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Graphics Programming (Winter term 2020/2021)

3D Lamp
Grafik: Aaron Beller

Lecturer: Prof. Dr. Thorsten Thormählen
Module Name: CS 581

Qualification objectives

The lecture Graphics Programming teaches how to create interactive computer graphics applications. This includes the general concepts of computer graphics, which are independent of the programming environment, such as the mathematical description of 2D and 3D objects, lights and cameras, the representation of the 3D scene in a hierarchical scene graph, or a mathematical description of materials and their reflectance properties. By programming examples in a practice-oriented programming environment, the participants learn all the techniques necessary to independently implement their own computer graphics project in the future. To this end, also basics for creating graphical user interfaces are taught. In addition, the course aims at improving the overall ability of the participants to perform scientific work, to solve problems, and to communicate.

Programming environment

The course puts a strong focus on the modern rasterization pipeline and uses OpenGL as a graphic library and GLSL as the shader language. Basic knowledge of object-oriented programming is required. Programming exercises and the examples shown in the lecture are presented in Java. Alternatively, all implementations are also given in C++ and several interactive demonstrations in WebGL/JavaScript are provided.

Organisation

The course consists of a lecture (4 hours per week) and exercises (2 hours per week).
Lecture: Mon 14h00 - 15h30, Fri 10h15 - 11h45 via Live-Stream
Exercise: Mondays after the lecture via Live-Stream

Tutors: Sebastian Lieb, Ibrahim Keser

Course structure

  1. Introduction
  2. Graphical user interfaces
  3. Representation and rendering of 2D objects
  4. OpenGL pipeline
  5. Object transformations
  6. Cameras
  7. Textures
  8. Buffer Objects
  9. OpenGL Shading Language (GLSL)
  10. Light and materials
  11. Shadows and reflections
  12. Game Programming

Lecture slides

The lecture slides are available as HTML5 websites. It is recommended to use a modern browser (such as Google Chrome, Mozilla Firefox). In Google Chrome, the browser's print function can be used to create a PDF file of the slides.

Currently, only a subset of slides is translated to English (see below). All slides and more details can be found at the German version of this page.

There are two versions of the slides: internal and external. The internal version comprises additional slides that are only available to the students of the University of Marburg. The login will be announced in the lecture.

Part Chapter Link
1. Introduction 1.1 Introduction external, internal
1.2 Organization external, internal
2. GUIs 2.1 Graphical User Interfaces external, internal
2.2 GUIs with Java external, internal
2.3 GUIs with Java (Android) external, internal
2.4 GUIs with C++ and Qt external, internal
3. 2D Objects 3.1 Vector and Raster Graphics external, internal
3.2 Raster Conversion external, internal
3.3 Clipping
4. OpenGL Pipeline 4.1 OpenGL Pipeline external, internal
5. Object Transformations 5.1 2D Transformations external, internal
5.2 3D Transformations external, internal
6. Cameras 6.1 Perspective Projection external, internal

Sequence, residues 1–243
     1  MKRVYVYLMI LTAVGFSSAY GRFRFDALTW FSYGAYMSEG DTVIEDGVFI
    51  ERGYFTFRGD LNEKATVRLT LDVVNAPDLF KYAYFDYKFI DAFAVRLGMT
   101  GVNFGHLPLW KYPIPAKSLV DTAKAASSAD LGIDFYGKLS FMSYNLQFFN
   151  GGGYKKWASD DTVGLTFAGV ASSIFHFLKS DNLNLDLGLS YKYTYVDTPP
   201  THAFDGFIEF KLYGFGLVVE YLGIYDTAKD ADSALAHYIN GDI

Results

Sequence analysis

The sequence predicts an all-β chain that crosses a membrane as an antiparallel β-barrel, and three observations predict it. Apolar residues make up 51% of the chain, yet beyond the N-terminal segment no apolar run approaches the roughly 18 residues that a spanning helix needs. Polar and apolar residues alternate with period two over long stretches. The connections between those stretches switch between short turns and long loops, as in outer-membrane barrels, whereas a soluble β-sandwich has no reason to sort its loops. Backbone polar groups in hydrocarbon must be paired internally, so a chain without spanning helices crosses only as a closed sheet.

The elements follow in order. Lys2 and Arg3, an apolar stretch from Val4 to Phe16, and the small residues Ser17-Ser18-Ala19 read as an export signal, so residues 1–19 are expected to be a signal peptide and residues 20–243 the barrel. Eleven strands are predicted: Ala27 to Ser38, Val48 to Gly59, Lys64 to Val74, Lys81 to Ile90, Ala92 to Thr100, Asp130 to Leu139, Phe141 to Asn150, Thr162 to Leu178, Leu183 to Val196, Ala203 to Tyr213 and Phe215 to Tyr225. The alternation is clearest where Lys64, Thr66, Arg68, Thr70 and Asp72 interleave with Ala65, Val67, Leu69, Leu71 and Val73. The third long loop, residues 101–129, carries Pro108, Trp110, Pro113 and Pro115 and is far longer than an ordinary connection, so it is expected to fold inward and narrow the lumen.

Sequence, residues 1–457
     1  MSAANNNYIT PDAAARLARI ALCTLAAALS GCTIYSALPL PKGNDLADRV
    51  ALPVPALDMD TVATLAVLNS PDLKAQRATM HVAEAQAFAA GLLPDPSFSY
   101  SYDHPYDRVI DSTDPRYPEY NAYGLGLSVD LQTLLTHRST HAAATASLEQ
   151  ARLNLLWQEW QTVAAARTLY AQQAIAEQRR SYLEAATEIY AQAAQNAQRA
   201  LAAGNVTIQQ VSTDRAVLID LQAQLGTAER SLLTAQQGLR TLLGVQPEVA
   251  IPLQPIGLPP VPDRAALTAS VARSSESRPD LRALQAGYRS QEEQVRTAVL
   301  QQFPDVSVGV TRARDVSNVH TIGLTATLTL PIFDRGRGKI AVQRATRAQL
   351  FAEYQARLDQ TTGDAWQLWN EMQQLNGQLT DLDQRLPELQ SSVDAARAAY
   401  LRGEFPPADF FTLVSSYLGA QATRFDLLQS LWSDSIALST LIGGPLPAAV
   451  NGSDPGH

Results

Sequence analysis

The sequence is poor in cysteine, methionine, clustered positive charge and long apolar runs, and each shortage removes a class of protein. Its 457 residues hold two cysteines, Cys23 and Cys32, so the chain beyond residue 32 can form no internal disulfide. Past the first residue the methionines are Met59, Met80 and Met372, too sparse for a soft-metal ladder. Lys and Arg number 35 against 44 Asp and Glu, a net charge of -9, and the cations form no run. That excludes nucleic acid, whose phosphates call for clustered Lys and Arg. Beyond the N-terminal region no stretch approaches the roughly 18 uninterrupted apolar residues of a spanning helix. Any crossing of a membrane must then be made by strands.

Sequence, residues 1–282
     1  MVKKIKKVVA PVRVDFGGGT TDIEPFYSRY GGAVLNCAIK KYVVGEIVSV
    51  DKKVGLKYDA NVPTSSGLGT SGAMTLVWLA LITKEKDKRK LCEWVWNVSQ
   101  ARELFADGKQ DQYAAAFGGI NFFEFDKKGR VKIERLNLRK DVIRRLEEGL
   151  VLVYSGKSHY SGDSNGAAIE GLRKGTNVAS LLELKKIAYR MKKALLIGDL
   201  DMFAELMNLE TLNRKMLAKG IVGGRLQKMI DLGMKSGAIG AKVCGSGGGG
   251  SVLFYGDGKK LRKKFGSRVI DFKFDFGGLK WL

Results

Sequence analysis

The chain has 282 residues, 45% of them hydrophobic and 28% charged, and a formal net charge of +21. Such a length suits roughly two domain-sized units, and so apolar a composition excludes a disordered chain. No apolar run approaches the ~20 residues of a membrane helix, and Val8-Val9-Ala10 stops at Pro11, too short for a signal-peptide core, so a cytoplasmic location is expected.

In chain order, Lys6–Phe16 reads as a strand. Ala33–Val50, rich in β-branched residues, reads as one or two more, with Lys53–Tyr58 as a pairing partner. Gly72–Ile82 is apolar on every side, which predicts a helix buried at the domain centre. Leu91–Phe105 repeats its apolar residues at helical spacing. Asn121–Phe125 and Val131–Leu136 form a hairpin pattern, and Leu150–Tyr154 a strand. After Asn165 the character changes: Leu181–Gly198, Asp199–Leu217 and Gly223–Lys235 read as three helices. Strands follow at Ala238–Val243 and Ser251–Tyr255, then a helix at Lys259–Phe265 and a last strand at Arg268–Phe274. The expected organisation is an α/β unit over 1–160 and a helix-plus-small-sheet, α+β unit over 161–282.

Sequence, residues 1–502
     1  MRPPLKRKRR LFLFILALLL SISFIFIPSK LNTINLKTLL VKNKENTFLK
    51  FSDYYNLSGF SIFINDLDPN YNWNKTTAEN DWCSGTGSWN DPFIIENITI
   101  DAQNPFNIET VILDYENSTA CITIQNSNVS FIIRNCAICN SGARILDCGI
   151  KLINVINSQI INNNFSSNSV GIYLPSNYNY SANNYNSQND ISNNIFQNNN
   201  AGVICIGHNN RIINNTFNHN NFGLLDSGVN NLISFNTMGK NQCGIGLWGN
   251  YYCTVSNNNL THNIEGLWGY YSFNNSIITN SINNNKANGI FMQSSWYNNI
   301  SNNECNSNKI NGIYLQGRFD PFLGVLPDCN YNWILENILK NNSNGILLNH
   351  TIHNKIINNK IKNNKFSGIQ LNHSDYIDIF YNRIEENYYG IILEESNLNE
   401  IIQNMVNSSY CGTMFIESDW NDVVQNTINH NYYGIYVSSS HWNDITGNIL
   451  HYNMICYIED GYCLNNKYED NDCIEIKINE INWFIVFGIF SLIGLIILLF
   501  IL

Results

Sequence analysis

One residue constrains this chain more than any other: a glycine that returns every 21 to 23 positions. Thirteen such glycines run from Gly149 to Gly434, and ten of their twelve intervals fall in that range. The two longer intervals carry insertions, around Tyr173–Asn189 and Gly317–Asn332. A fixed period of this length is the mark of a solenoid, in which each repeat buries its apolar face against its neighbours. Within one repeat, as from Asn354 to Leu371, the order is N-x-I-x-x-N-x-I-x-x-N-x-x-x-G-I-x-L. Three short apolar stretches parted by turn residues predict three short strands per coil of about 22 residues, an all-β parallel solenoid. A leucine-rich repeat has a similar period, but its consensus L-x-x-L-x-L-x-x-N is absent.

6.2 Parallel Projection external, internal
7. Textures 7.1 Textures external, internal
8. Buffer Objects 8.1 Buffer Objects external, internal
9. OpenGL Shading Language 9.1 OpenGL Shading Language (GLSL) external, internal
10. Light and Material 10.1 Light and Material
11. Shadows and Reflections 11.1 Shadows
12.2 Ambient Occlusion
12.3 Reflections
12. Game Programming 13.1 Graphics Engine
13.2 Shader Effects

Code Examples

The lecture slides contain several code examples. These are listed here:

4.1   FirstTriangle (Java, Qt, Glut)
5.1   TriangleTransform (Java, Qt, Glut)
5.2   GimbalLock (Java, Qt, Glut)
5.2   RotationInterpolation (Java, Qt, Glut)
6.1   Dolly Zoom  (Java, Qt, Glut)
6.1   LookAt (Java, Qt, Glut)
6.1   LookAtLocalTrans (Java, Qt, Glut)
6.1   Viewport (Java, Qt, Glut)
6.1   ZFighting (Java, Qt, Glut)
6.2   Axonometric (Java, Qt, Glut)
6.2   Oblique (Java, Qt, Glut)
7.1   Texture (Java, Qt, Glut)
7.1   TextureParameter (Java, Qt, Glut)
7.1   TextureBlend (Java, Qt)
7.1   Texture3D (Java, Qt, Glut)
7.1   Fbo (Java, Qt, Glut)
7.1   FboDepth (Java, Qt, Glut)
8.1   VboDrawArrays (Java, Android, Qt, Glut)
8.1   VboDrawElements (Java, Android, Qt, Glut)
8.1   VboUpdate (Java, Android, Qt, Glut)
8.1   VboStride (Java, Android, Qt, Glut)
8.1   Vao (Java, Qt, Glut)
8.1   ObjToVboExample (Java, Android, Qt, Glut)
8.1   FirstForwardCompatible (Java, Qt, Glut)
9.1   FirstShader (Java, Android, Qt, Glut, WebGL, GSN Composer)
9.1   ShaderUniform (Java, Android, Qt, Glut, WebGL, GSN Composer)
9.1   ShaderNormalTrans (Java, Android, Qt, Glut, WebGL, GSN Composer)
9.1   ShaderTexture (Java, Android, Qt, Glut, WebGL, GSN Composer)
10.1   ShaderLightMat (Java, Android, Qt, Glut, WebGL, GSN Composer)
10.1   ShaderPhongPointLight (GSN Composer)
10.1   ShaderPhongSpot (Java, Qt, Glut)
10.1   ImageBasedLighting (GSN Composer)
10.2   PlanarShadow (GSN Composer)
10.2   PlanarShadowAmbient (GSN Composer)
10.2   ShadowMap (GSN Composer)

Note: This list is currently incomplete and will be updated.

For some code examples the tool ObjToVbo.cpp is required, which converts a 3D model in Wavefront OBJ format into an array of floats and saves it into a text or binary file. Such a float array can be read with high speed and with little programming effort and can be passed directly to a VBO in OpenGL.

Interactive demonstrations

3.2  Polygon Rasterization (demo)
10.1   Phong / Blinn Phong Shading (demo)
11.2   Screen Space Ambient Occlusion (demo)
12.1   Ear Cutting (demo)